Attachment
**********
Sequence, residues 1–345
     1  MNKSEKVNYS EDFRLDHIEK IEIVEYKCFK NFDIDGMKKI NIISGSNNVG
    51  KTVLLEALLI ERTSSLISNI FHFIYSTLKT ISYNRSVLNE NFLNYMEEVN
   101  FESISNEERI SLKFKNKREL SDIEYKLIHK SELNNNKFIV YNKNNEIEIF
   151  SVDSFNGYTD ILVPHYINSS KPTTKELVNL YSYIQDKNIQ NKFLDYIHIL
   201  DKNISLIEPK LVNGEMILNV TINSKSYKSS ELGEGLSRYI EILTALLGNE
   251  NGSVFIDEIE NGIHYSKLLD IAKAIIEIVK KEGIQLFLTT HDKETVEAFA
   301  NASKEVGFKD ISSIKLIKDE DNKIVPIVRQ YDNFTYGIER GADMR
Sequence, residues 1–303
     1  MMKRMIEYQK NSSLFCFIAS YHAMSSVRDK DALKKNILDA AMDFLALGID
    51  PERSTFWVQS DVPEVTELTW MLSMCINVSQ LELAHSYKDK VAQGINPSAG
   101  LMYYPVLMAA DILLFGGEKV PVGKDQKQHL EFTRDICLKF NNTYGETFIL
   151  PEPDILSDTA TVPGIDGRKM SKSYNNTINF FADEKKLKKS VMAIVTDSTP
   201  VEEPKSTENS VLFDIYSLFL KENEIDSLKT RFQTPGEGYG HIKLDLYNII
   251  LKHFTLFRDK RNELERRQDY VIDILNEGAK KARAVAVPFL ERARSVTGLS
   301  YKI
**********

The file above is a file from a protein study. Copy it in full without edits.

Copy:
Sequence, residues 1–345
     1  MNKSEKVNYS EDFRLDHIEK IEIVEYKCFK NFDIDGMKKI NIISGSNNVG
    51  KTVLLEALLI ERTSSLISNI FHFIYSTLKT ISYNRSVLNE NFLNYMEEVN
   101  FESISNEERI SLKFKNKREL SDIEYKLIHK SELNNNKFIV YNKNNEIEIF
   151  SVDSFNGYTD ILVPHYINSS KPTTKELVNL YSYIQDKNIQ NKFLDYIHIL
   201  DKNISLIEPK LVNGEMILNV TINSKSYKSS ELGEGLSRYI EILTALLGNE
   251  NGSVFIDEIE NGIHYSKLLD IAKAIIEIVK KEGIQLFLTT HDKETVEAFA
   301  NASKEVGFKD ISSIKLIKDE DNKIVPIVRQ YDNFTYGIER GADMR
Sequence, residues 1–303
     1  MMKRMIEYQK NSSLFCFIAS YHAMSSVRDK DALKKNILDA AMDFLALGID
    51  PERSTFWVQS DVPEVTELTW MLSMCINVSQ LELAHSYKDK VAQGINPSAG
   101  LMYYPVLMAA DILLFGGEKV PVGKDQKQHL EFTRDICLKF NNTYGETFIL
   151  PEPDILSDTA TVPGIDGRKM SKSYNNTINF FADEKKLKKS VMAIVTDSTP
   201  VEEPKSTENS VLFDIYSLFL KENEIDSLKT RFQTPGEGYG HIKLDLYNII
   251  LKHFTLFRDK RNELERRQDY VIDILNEGAK KARAVAVPFL ERARSVTGLS
   301  YKI